Inclusion and Exclusion in Our Daily Lives
PART V: FAMILY & HISTORY
MARION DEUTSCHE COHEN
The boys in grammar school didn’t think of me that way. The boys in high school didn’t think of me that way. Jeff no longer thinks of me that way. But I am that way. I am so that way. I am, alas so very much that way.
What is being taken away from the narrator by never being seen?
Is this pain more powerful for not being intentional? More powerful for us for not being spoken?
I'm happily married now, so the poem doesn't apply at the moment. It, along with other poems written during that period of my life, accurately expressed and summarized for me where I was when I wrote it. My first husband had multiple sclerosis for 26 years before he died. During the last 10 years he lived in a nursing home, and dementia was involved. There were so many stresses and impossibilities involved that there was little room for him to think of me "that way". After a while I decided to leave the marriage and to seek love elsewhere, although I still visited him—that is, until he got verbally abusive. The first time that happened, I told him I would no longer visit and I didn't, except when he had serious excacerbations and was in the hospital. I was also the last family member to see him alive; that was on the day that he died. But at that point, I was determined to "have a life," to be a "regular" citizen of this world. Like most people who date, it was a long time before I found someone who KEPT thinking of me "that way."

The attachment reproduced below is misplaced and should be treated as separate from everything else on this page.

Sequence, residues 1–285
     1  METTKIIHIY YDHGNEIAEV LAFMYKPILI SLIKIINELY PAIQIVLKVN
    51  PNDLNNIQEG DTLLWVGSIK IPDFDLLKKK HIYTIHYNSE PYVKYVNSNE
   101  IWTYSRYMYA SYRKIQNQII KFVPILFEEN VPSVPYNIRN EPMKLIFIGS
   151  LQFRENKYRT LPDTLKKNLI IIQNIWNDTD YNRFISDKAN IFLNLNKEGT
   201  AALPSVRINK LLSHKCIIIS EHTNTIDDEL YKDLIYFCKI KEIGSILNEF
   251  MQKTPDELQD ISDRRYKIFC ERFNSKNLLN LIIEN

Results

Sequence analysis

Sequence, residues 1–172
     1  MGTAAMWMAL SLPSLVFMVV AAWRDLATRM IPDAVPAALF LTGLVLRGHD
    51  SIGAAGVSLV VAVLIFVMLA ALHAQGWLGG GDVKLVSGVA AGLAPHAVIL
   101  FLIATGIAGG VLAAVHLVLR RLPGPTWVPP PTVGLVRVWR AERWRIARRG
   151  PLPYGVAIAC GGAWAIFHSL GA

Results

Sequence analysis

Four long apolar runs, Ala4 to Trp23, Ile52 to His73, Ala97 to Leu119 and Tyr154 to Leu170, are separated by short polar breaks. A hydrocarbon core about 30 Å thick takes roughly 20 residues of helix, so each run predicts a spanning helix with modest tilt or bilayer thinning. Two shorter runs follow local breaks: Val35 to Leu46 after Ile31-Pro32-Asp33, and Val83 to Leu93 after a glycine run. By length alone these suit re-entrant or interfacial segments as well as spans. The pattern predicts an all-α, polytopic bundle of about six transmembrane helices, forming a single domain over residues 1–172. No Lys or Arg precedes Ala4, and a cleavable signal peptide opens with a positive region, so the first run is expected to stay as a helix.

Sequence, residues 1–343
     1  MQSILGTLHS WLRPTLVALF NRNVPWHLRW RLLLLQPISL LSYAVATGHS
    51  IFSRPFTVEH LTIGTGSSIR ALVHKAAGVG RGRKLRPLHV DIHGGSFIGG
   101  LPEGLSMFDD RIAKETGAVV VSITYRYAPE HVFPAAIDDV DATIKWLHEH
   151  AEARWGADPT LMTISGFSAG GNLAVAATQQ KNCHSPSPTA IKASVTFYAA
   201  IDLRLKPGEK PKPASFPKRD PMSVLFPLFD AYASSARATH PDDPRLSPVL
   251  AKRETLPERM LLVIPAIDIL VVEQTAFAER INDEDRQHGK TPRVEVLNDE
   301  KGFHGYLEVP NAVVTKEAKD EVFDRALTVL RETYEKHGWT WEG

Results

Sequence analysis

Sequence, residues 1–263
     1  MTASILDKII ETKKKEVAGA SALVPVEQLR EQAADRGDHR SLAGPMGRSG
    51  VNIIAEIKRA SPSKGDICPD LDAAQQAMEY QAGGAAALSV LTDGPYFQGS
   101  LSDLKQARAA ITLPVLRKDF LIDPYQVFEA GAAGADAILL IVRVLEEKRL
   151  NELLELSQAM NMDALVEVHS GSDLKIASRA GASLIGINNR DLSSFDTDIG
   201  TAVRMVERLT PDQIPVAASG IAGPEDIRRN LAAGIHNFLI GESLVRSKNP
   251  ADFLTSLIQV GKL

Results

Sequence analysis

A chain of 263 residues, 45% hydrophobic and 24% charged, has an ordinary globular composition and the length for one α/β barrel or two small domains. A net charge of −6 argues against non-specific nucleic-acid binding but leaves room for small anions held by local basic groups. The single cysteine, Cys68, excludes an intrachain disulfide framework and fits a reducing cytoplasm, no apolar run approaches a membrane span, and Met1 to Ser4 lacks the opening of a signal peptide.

MARION DEUTSCHE COHEN is the author of eighteen books, including Crossing the Equal Sign (Plain View Press, TX—poetry about the experience of mathematics), Dirty Details: The Days and Nights of a Well Spouse (Temple University Press, PA), and the forthcoming Chronic Progressive (Plain View Press, TX), in which the poem in this anthology appears. She teaches math at Arcadia University, in Glenside PA. Other interests are classical piano, singing, Scrabble, thrift-shopping, four grown children, and two grandchildren.